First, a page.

Yet, for all the daft names, experiments and shenanigans – filling the brewery with sand or hot tubs or giant inflatables – it was the opening of Moon Dog World in 2019 that brought it to wider attention. The home of its main 100hL production facility is where you’ll find a 725-capacity venue complete with indoor lagoon, waterfall, hidden tiki bar and “Wall of Warnie” dedicated to Shane Warne and other Aussie icons.

In its own way, Bodriggy Brewery’s home is just as out there: an impeccable reinvention of an old warehouse in Abbotsford, where you can choose from dozens of beers, wines and spirits on tap, while DJs play under a giant glitter ball. Take your pick from leather booths, tall stools, or long benches, while admiring the attention to detail in every curve of metalwork.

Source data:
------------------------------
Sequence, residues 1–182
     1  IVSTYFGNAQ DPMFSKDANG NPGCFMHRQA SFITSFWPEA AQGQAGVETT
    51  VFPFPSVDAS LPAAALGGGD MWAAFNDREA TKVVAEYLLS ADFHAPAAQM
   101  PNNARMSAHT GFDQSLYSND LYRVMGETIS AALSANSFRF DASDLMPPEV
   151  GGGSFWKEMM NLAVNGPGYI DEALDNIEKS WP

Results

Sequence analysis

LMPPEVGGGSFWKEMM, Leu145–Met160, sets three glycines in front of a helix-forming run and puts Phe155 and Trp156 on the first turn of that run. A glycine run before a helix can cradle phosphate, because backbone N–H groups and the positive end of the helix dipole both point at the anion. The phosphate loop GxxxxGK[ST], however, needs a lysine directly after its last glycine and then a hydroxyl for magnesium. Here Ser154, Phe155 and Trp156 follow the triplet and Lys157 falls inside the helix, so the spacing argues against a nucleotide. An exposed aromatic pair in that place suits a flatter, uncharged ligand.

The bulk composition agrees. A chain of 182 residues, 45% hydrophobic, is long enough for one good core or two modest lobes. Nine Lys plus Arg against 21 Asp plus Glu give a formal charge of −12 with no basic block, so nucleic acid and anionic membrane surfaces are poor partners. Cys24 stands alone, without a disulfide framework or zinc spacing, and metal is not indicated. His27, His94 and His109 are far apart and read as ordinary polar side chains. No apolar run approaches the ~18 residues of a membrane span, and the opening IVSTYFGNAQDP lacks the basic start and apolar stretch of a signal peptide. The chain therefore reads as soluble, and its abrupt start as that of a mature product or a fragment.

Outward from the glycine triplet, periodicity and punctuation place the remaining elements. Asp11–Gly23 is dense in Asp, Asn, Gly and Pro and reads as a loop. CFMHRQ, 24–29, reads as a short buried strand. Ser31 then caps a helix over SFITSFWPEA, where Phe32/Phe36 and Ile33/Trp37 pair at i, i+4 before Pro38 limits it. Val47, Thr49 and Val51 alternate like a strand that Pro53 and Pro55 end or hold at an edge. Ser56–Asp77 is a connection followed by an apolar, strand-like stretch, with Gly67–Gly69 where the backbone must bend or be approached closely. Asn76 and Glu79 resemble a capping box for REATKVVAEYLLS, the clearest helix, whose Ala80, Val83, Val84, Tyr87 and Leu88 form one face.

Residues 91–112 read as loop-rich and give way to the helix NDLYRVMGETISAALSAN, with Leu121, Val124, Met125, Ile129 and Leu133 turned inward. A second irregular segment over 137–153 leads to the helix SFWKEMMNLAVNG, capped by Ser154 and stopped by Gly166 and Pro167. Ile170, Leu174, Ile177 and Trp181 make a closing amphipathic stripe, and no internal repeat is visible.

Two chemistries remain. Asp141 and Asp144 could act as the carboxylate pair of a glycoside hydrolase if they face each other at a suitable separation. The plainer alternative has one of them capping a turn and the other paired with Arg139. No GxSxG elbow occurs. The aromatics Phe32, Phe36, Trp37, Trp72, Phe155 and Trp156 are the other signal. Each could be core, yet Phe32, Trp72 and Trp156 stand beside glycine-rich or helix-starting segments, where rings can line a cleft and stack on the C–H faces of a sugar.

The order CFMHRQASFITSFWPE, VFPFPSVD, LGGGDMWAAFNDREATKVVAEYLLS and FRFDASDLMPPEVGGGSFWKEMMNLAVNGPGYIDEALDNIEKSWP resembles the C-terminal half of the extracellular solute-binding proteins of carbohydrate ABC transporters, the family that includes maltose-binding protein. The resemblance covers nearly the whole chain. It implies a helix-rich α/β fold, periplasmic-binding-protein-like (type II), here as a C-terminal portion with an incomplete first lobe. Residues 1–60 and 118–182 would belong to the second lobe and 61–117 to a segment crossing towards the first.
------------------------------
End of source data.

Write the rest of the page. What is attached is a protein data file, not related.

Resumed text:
Boatrocker Barrel Room - Photo: James Smith

Or, if you fancy leaving the inner-city behind for a while, it’s worth making a trek to the city’s southeast, home to an ever-growing numbers of breweries. There are some focused mainly on production, including KAIJU! plus brewpub/taproom-based operations like 2 Brothers, Bad Shepherd, Mr Banks, BoJaK, Wolf of the Willows and the madcap Dainton.

But if you want to take your palate for a ride, you can’t miss Australia’s first Barrel Room, opened by Boatrocker and now incorporating a still, since the brewery and WA’s Hippocampus Distillery became one. Best known for its Starward whisky barrel-aged imperial stout Ramjet, Boatrocker also produces some of the finest Belgian-inspired beers in Australia and has proven itself increasingly nifty in the IPA space of late too.

The Pioneers

Today’s Melbourne offers myriad delights for the beer tourist, even off the beaten track, but it’s not too long ago that it was slim pickings.